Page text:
JAPAN: Japan has reappointed Masato Kanda as vice finance minister for international affairs, serving as the country's top currency diplomat, as part of a mid-year personnel reshuffle, the Ministry of Finance said on Friday. (RTRS)

SOUTH KOREA: The South Korean economy is at the risk of losing steam as deteriorating external economic conditions are feared to dent investment and export growth amid high inflation, the finance ministry said Friday. Market volatility and global economic downside risks further expanded due to the Federal Reserve's accelerating monetary tightening and global supply chain disruptions, the ministry said in its monthly economic assessment report, called the Green Book. (Yonhap)

SOUTH KOREA: The government will extend the current seven-day quarantine mandate for COVID-19 patients for four more weeks because rolling back the obligation could accelerate a resurgence of the virus, Prime Minister Han Duck-soo said Friday. (Yonhap)

NORTH KOREA: South Korea's President Yoon Suk-yeol said the United Nations Security Council should respond in a coordinated manner against North Korea's missile provocations, South Korea's Newsis reported on Friday. (RTRS)

CANADA: Canadian Finance Minister Chrystia Freeland expressed confidence on Thursday in the Bank of Canada's ability to rein in surging inflation and keep price gains from becoming entrenched, but said there was no guarantee the economy would avoid a recession. "The Bank has begun the work of bringing inflation back within target, and it has the tools and the expertise it needs to keep inflation from becoming entrenched," Freeland told a business audience in Toronto. (RTRS)

CANADA: Canadian Imperial Bank of Commerce (CM.TO)is "comfortable" with the quality of its mortgage book, but is on the lookout for signs of stress, its chief risk officer said on Thursday."We're very comfortable with where things are currently," Shawn Beber said at the fifth-largest Canadian bank's investor day in Toronto. If "things get more stressed, then you could see higher losses than (anticipated) but that's not the base case scenario that we are looking at." (RTRS)

BRAZIL: Brazilian state-run oil company Petrobras is set to announce a fuel price increase on Friday, local media reported on Thursday, raising alarm bells within the country's top political ranks. According to O Globo, the company's board has approved diesel and gasoline price increases that will come into effect next week. Petrobras said it could not "preemptively discuss decisions on price preservation or price adjustments due to competition issues." (RTRS)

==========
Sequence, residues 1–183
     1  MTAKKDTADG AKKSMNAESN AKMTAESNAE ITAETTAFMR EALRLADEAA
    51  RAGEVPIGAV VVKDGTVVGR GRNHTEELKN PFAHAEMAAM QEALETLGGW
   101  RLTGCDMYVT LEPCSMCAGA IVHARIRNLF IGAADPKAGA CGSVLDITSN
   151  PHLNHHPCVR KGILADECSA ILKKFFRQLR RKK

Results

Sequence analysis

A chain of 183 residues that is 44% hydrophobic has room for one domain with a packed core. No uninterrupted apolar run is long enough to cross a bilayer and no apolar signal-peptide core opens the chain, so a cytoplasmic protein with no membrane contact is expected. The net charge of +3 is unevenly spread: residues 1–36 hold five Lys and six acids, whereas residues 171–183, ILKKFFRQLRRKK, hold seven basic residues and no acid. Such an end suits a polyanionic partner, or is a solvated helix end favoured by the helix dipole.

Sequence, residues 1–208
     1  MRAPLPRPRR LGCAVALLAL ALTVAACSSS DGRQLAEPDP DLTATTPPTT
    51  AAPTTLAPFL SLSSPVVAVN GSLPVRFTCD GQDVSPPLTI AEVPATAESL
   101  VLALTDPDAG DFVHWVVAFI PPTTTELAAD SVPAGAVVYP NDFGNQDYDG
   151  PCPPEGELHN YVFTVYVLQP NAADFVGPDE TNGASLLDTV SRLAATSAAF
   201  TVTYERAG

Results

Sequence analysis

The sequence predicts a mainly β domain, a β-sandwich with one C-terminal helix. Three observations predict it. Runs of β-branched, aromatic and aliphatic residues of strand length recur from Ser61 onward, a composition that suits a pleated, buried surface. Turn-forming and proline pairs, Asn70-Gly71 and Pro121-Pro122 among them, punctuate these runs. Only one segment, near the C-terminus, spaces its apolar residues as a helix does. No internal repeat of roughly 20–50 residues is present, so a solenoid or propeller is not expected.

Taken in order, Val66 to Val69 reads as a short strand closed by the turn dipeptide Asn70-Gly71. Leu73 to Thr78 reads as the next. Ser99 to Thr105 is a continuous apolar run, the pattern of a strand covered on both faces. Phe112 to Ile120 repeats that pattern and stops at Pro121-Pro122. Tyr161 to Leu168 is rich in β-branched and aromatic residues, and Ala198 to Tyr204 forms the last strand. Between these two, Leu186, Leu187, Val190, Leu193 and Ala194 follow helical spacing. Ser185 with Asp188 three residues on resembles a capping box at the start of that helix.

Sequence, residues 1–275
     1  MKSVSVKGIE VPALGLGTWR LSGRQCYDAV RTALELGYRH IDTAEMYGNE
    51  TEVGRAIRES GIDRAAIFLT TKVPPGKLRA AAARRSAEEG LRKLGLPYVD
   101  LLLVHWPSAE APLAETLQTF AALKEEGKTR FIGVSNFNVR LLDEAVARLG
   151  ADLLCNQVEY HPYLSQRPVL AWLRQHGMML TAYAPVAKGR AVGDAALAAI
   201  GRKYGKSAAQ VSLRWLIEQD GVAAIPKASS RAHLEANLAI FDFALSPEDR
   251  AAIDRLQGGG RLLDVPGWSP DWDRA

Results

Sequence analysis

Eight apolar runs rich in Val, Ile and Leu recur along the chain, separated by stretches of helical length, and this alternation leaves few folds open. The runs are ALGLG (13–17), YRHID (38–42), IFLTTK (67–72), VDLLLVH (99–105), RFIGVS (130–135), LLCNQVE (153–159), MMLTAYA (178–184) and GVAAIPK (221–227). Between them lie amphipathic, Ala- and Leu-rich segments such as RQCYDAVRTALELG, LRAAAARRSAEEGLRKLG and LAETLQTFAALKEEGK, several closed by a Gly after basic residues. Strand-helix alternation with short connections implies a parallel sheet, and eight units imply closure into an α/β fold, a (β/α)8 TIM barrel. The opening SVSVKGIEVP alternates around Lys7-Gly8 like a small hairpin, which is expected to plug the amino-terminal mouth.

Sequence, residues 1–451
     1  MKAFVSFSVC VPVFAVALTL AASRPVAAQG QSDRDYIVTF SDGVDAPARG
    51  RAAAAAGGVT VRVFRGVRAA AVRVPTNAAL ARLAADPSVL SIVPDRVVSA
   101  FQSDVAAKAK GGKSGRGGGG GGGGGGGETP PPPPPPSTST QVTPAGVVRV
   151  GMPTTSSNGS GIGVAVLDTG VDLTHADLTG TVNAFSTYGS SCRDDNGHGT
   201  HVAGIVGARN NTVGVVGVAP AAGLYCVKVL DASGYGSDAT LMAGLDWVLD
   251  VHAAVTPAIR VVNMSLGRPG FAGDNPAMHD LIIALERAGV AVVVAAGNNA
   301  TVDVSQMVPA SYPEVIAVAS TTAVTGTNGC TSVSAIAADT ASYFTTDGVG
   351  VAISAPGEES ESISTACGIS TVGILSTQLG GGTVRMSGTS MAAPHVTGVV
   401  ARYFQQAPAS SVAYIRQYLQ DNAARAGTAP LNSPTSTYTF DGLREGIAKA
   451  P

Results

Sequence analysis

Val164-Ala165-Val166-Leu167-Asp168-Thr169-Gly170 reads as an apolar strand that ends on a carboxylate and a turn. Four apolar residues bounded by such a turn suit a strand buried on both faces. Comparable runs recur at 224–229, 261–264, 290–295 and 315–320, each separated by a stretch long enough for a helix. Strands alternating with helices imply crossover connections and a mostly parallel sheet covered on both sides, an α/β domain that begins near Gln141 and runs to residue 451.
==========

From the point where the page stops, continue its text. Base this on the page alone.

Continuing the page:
ARGENTINA: Argentina's central bank raised its benchmark interest rate by the most in three years on Thursday, hot on the heels of amajor hike by the U.S.Federal Reserveand as the South American country firefights sky-high inflation running at over 60%. (RTRS)

RUSSIA: Law enforcement in the United States, Germany, the Netherlands and Britain dismantled a global network of internet-connected devices that had been hacked by Russian cyber criminals and used for malicious purposes, the U.S. Justice Department said on Thursday. The network, known as the "RSOCKS" botnet, comprised millions of hacked computers and devices worldwide, including "Internet of Things" gadgets like routers and smart garage openers, the department said in a statement. (RTRS)

RUSSIA: The Dutch intelligence service said on Thursday it had uncovered a Russian military agent attempting to use a false identity to infiltrate the International Criminal Court (ICC) which is investigating accusations of war crimes in Ukraine. (RTRS)

RUSSIA: The Ministry of Finance does not exclude the possibility of entering the domestic borrowing market this year, Finance Minister Anton Siluanov told reporters on the sidelines of the St. Petersburg International Economic Forum. But first we need to decide on the budget policy, which is still being discussed in the government, the minister added. In the spring, Siluanov announced that the Ministry of Finance was not planning new placements of government bonds in 2022 and would resume borrowing in 2023 if the market situation stabilizes. (Vedomosti)

RUSSIA: Russian authorities are discussing the idea of giving foreign investors who are willing to cut exposure to Russia a chance to ditch their Russian stocks and bonds later this year despite capital controls, a finance ministry official said on Thursday. (RTRS)

IRAN: Israeli and American intelligence officials have been watching each day as Iran digs a vast tunnel network just south of the Natanz nuclear production site, in what they believe is Tehran’s biggest effort yet to construct new nuclear facilities so deep in the mountains that they can withstand bunker-busting bombs and cyberattacks. Though the construction is evident on satellite photographs and has been monitored by groups that track the proliferation of new nuclear facilities, Biden administration officials have never talked about it in public and Israel’s defense minister has mentioned it just once, in a single sentence in a speech last month. In interviews with national security officials in both nations, there clearly were differing interpretations of exactly how the Iranians may intend to use the site, and even how urgent a threat it poses. (NYT)